Setting SEO Strategies and Priorities for 2015

As you turn the calendar to 2015, it is time once again to revisit the SEO successes or unmet challenges from the previous year and set priorities for what must get done during this year. Setting priorities for SEO is difficult. SEO is fast-moving, constantly changing and highly tactical marketing. There is always the temptation to chase the changes in search algorithms and ranking factors, for these changes require tactical solutions. It is easy to focus so intently on tactics to meet these immediate changes in the search that the overarching goals can get lost in the details, deep in the weeds. Good tactical execution done without real strategies and clearly set priorities is like driving fast with no directions or destination.

As you turn the calendar to 2015, it is time once again to revisit the SEO successes or unmet challenges from the previous year and set priorities for what must get done during this year. Setting priorities for SEO is difficult. SEO is fast-moving, constantly changing and highly tactical marketing. There is always the temptation to chase the changes in search algorithms and ranking factors, for these changes require tactical solutions. It is easy to focus so intently on tactics to meet these immediate changes in the search that the overarching goals can get lost in the details, deep in the weeds. Good tactical execution done without real strategies and clearly set priorities is like driving fast with no directions or destination.

Here are three things to consider as you go about setting your SEO strategies and priorities for 2015. How have your customers changed in their use of search? What are your business goals for 2015? Are you looking to grow, introduce new products or services, or regain lost business or traction in your industry? Does your site reflect your business? Does it offer anything of value to the customer or is it a static billboard or catalog? How and when will you be changing it? Finally, look at your SEO program and set the goals and priorities.

What About the Consumer?
There is a clear trend toward consumers using mobile devices for their search. Are you ahead or behind your customers? Review your analytics and consider what devices your customers are using. If you have not seen a clear uptake in mobile, don’t simply rationalize that your customers are different and haven’t moved to mobile yet. If your mobile traffic is not growing in relation to other Web devices, you may be losing ground already.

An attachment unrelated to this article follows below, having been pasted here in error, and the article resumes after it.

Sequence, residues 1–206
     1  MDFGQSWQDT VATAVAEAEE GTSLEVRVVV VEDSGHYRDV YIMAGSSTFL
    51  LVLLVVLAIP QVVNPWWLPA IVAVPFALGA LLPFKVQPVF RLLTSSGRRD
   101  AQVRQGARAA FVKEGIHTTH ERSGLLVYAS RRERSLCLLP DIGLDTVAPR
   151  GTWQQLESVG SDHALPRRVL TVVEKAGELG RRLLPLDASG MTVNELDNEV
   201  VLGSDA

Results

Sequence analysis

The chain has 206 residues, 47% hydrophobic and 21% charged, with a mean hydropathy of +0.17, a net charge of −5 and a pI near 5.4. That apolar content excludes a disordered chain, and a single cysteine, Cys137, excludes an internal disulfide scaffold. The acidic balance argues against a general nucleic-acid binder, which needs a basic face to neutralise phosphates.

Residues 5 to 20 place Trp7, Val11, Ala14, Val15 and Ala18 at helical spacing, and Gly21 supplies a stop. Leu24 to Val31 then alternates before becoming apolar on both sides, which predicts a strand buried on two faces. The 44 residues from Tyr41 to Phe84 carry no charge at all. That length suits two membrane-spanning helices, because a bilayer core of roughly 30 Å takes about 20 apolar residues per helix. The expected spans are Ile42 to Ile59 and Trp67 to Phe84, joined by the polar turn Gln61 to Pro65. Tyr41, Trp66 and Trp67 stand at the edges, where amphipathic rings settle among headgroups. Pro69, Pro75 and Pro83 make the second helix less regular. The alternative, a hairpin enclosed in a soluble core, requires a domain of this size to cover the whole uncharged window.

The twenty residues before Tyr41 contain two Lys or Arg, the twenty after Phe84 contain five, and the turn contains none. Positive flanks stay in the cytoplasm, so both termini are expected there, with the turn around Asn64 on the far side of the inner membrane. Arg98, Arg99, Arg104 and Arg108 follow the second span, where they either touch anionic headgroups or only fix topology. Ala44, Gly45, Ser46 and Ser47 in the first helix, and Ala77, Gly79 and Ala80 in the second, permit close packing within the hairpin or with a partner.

Another clear trend is that consumers are using social media to vet businesses and products. Social media today are clearly interlinked with search results. In setting 2015 priorities, you must look at how consumers are using social media relative to your business. Also, don’t forget to look at which social media sites are their favorites.

Are Your Business Goals Realistic?
If your business is growing, you will need to look at where online growth will come as you move to set your 2015 search directions. Do you expect huge growth from search? If so, you will need to look long and hard at how you will make this happen. Be reasonable in your expectations. In short, curb your optimism. Ground it in real numbers. It is not sensible to expect huge growth from search in a vacuum. Branding is ever more important element in search, so if your brand is weak, so too will be your ability to generate new traffic from search.

If you are introducing new products or adding a new line of business, you will need to make sure that you marketing program supports the product launch in all of the media that search influences. I am constantly surprised at businesses that simply add a page to their existing site and expect traffic. This may have once worked, but it does not work now.

Visit Your Site With Fresh Eyes
Come to your site as if you are a new customer. Do a search for your own products and follow the path. You may be surprised at what you discover. Does your site show up for the keyword searches that best describe your business? Did you turn up an outdated page as the key result of your search? On visiting the site from a search, did you easily find what you wanted? These answers may help set your direction.

Content is key for search success, and customers coming to your site will be looking for content that answers their search quest. Does your content fill the bill? One of my favorite exercises is to pull content from key pages and replace the name with “our company” and replace product and service offerings with “this product/service.” Then look and see if there is anything that can be learned about either the company or the product from the page. This is a quick way to find just how generic your content is. For small businesses, you can frequently trade in a different type of business. For example on the About Us page for an accounting firm swap in veterinarian for accountant and see if the page still makes sense. If it does, the page is virtually worthless for search since it offers nothing of real value.